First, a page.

Home >Markets >Stock Markets >Faith in the V-shaped recovery takes a hit

Investors betting on a V-shaped recovery got some bad news this week.

First, the number of new coronavirus infections is rising across the country, forcing some states to ease their reopening plans. For investors just hoping things get back to normal, this is a major roadblock.

Then, the data continue to show that a rapid economic recovery isn’t likely. Initial weekly jobless claims came in at 1.48 million, the 14th consecutive week above 1 million. Continuing claims fell to 19.5 million from 20.3 million, which is cold comfort.

The buy-everything crowd was knocked off kilter. The Dow Jones Industrial Average was down 0.5% on the week through Thursday, and the S&P 500 lost 0.5%. The Nasdaq Composite was up 0.7%.

Let’s look at this week’s winners and losers.

The WSJ Dollar Index has risen in eight of the past 11 sessions, benefiting from investors who weren’t all in on the recovery as well as those who suddenly decided that their bullishness could use a hedge. On Wednesday, the index rose 0.6%, its best day in about two weeks, as the stock market deflated.

Among the caution crowd are companies. At the end of the first quarter, S&P 500 companies had a collective $1.68 trillion in cash on hand, according to S&P Dow Jones Indices. That number likely changed in the second quarter, but not by much.

Cash levels are expected to decline somewhat as companies burn through that money to offset revenue lost because of the pandemic, but they are compensating for that by bringing in new cash through debt offerings and financing, and, of course, suspending buybacks.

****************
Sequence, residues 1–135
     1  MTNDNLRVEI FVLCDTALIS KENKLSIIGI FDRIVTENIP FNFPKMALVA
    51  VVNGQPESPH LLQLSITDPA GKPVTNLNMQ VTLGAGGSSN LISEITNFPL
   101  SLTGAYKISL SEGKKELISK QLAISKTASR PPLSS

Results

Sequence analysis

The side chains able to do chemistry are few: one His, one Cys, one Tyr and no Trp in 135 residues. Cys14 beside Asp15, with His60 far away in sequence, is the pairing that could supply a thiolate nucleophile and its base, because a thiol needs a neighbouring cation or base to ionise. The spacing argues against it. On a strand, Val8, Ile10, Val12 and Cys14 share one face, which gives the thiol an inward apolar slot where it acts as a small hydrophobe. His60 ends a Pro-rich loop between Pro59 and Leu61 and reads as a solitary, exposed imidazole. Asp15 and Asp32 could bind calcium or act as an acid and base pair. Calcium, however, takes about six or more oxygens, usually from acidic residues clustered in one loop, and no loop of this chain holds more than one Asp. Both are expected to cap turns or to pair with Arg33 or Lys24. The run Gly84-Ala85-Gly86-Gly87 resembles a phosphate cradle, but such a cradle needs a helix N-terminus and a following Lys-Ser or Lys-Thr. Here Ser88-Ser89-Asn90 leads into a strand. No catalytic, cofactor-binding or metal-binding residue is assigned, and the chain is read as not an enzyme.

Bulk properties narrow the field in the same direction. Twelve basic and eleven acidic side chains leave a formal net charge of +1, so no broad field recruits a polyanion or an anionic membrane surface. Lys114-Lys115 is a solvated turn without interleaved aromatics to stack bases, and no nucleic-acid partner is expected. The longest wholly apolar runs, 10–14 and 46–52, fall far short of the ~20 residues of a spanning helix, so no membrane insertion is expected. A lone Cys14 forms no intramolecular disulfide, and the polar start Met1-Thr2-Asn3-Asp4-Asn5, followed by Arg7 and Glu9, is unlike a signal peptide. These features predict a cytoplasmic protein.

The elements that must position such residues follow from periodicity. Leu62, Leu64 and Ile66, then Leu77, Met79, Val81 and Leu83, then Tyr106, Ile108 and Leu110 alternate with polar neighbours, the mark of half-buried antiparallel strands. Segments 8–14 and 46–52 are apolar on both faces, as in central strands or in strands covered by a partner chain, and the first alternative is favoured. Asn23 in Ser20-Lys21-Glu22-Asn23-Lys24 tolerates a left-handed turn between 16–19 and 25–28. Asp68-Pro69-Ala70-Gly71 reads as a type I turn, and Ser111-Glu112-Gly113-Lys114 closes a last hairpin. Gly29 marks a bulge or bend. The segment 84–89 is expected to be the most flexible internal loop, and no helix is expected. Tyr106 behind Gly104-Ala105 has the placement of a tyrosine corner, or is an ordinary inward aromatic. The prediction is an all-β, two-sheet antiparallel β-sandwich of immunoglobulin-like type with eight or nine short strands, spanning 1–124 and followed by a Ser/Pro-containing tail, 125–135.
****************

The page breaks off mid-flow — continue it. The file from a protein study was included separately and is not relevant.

Also among the caution crowd are investors. Assets in money-market funds rose recently to a record $4.6 trillion.

Somewhere out there, you just know there are investors who finally abandoned their caution this week and started buying stocks.

Oops. On Wednesday, the three major indexes all fell more than 2%. The Nasdaq snapped an eight-session winning streak; the Dow has been down four of the past seven sessions.

That selloff came just as the bandwagon was getting crowded. The Investors Intelligence survey of bullish sentiment, which canvasses professional investment advisers, stood at 57.3% for the week that ended June 24—almost back to the survey’s January levels.

Any reading above 55%, the firm said, is a “danger zone" that calls for defensive measures.

Given that, the selloff this week wasn’t very surprising. The market has a tendency to wobble when too many players crowd on to one side of the trade.

Just because this week burned the latest bulls to join the party, though, it doesn’t mean there aren’t any bulls left. Another survey, from the American Association of Individual Investors, had bullish sentiment at just 24% this week, well below its historical average of 38%.

You could see Thursday that the bulls were far from conceding: The Dow opened down more than 200 points and was in the green before brunch.

Believe it or not, the second quarter still hasn’t ended. It will, thankfully, on Tuesday. A new month usually brings the nonfarm payrolls report on the first Friday, but because of the Independence Day holiday, the June jobs report is being released Thursday instead—at the same time as the weekly jobless claims, incidentally.

In May, the official unemployment rate stood at 13.3%. Even the Bureau of Labor Statistics has said that its numbers may understate the true level of unemployment. It will be important to look at the revisions to April’s and May’s reports.

Also, look at what is called the U-6 rate of unemployment, which is a broader gauge of unemployment. It stood at 21.2% in May.

This story has been published from a wire agency feed without modifications to the text.

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